If the debt limit wasn't raised through November, Goldman Sachs estimates that government spending would be cut $175 billion. That's equivalent to about 1 percent of the economy.
On top of that, stock markets would likely fall. Household wealth would shrink. Consumer confidence could plunge. Americans would cut back on spending. Higher rates on government debt would raise other borrowing costs, including mortgage rates.
Q. Isn't the fight over the debt limit about an out-of-control budget deficit? Doesn't government spending need to be cut?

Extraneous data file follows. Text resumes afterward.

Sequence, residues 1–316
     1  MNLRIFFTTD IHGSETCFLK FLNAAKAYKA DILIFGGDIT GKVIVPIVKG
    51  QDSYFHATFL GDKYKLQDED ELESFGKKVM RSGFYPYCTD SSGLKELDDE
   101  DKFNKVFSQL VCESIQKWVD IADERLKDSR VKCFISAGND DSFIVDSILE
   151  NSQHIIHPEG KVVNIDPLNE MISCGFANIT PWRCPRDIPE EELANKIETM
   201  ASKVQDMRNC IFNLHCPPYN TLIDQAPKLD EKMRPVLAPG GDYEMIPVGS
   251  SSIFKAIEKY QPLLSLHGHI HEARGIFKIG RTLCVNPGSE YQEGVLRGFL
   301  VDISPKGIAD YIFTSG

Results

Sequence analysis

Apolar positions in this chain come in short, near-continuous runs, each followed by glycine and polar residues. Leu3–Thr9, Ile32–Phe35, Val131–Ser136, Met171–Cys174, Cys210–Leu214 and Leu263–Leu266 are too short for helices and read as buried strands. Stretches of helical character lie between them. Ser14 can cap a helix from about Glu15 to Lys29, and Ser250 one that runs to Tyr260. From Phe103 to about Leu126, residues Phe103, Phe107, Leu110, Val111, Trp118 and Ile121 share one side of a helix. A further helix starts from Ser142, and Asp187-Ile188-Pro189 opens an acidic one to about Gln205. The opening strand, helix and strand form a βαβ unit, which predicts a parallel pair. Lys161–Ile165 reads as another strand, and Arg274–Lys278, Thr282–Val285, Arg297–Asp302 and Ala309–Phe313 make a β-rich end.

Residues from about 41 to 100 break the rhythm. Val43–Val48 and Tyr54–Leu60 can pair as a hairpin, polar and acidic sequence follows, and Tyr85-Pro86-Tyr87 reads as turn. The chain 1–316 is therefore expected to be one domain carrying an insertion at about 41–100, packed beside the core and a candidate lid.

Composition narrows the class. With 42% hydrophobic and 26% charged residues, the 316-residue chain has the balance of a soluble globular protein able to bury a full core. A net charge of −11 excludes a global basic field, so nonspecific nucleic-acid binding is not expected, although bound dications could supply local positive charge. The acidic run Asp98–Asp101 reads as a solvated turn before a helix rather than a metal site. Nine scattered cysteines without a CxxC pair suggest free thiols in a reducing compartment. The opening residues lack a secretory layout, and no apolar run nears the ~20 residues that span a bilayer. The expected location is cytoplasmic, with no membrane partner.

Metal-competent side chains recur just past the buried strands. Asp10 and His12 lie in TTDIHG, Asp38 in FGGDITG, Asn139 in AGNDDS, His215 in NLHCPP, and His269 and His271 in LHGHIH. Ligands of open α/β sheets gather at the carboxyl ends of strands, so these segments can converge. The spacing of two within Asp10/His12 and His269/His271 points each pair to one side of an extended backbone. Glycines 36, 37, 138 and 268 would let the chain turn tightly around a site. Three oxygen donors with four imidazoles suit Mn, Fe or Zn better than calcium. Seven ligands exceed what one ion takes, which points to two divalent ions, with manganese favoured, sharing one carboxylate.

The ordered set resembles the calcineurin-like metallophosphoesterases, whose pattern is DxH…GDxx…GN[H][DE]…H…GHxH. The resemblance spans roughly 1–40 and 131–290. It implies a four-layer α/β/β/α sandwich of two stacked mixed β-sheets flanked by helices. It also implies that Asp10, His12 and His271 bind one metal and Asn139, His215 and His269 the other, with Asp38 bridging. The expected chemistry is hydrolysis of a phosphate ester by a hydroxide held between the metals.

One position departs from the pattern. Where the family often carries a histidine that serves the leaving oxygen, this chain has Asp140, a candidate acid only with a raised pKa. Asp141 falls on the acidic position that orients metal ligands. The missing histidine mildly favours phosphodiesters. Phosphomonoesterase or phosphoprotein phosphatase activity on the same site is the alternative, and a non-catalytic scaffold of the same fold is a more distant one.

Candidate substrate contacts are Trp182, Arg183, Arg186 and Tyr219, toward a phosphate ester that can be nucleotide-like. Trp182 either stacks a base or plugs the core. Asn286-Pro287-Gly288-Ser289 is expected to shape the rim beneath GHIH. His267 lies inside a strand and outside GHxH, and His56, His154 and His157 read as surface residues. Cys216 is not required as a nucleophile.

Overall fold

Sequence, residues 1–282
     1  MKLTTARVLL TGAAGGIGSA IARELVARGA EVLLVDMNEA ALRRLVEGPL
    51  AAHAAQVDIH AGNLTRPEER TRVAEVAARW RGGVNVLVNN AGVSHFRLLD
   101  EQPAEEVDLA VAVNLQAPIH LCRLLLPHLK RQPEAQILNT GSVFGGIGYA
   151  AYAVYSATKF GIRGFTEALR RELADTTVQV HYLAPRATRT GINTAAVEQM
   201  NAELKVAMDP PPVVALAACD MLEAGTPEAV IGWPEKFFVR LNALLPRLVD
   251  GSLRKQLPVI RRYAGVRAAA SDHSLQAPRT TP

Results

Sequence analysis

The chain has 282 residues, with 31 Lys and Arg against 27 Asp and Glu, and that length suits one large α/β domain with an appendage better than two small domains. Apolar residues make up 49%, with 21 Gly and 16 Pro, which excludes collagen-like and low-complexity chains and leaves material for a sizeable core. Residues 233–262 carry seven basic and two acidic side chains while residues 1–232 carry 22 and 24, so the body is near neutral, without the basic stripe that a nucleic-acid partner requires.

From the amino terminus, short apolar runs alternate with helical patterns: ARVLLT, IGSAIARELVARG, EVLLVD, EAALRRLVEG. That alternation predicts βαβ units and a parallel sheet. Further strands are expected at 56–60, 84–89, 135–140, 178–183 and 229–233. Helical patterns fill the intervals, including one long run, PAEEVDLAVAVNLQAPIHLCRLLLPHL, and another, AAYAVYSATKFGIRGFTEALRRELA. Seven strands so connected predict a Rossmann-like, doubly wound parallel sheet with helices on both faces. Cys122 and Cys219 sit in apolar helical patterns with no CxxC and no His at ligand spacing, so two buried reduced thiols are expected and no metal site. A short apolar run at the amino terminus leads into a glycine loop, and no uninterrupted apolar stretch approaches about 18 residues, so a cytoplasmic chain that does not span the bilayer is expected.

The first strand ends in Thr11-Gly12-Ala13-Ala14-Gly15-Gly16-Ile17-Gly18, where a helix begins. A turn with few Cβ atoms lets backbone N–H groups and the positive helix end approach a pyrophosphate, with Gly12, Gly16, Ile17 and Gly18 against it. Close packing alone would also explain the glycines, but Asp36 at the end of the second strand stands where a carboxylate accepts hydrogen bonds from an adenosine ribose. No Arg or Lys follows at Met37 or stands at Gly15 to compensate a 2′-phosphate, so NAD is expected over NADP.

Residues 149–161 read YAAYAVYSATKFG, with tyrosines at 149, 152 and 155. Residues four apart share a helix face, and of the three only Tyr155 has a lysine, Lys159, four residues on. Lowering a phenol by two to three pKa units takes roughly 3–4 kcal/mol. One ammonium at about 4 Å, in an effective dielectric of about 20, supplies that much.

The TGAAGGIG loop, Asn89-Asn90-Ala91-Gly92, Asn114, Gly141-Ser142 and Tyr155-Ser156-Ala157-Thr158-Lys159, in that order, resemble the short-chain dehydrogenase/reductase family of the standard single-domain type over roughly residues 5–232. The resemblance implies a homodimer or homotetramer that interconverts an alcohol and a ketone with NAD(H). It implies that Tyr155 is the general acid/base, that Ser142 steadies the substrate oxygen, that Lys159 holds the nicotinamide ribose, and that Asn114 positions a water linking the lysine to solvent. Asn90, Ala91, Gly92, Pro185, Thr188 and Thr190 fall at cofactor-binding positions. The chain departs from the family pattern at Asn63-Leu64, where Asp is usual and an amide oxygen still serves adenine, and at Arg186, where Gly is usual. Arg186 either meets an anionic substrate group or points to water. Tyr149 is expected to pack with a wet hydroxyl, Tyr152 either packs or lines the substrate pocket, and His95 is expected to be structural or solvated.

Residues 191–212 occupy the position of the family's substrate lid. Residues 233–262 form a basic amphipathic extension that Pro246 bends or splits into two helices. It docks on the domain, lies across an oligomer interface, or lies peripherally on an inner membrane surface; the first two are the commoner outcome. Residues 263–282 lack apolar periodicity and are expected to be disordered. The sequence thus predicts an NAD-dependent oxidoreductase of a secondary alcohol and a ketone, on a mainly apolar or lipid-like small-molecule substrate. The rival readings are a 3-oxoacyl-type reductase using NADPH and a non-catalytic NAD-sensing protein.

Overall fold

A. This year's deficit will likely be the smallest in five years, thanks to higher tax revenue and government spending cuts. The CBO projects that the deficit will be $642 billion for the budget year that ended Sept. 30. Though still large by historical standards, that compares with the four previous years of $1 trillion deficits. Many economists think it's healthier for spending cuts to be made gradually — rather than from a huge and immediate cut of the kind that would follow a breached debt limit.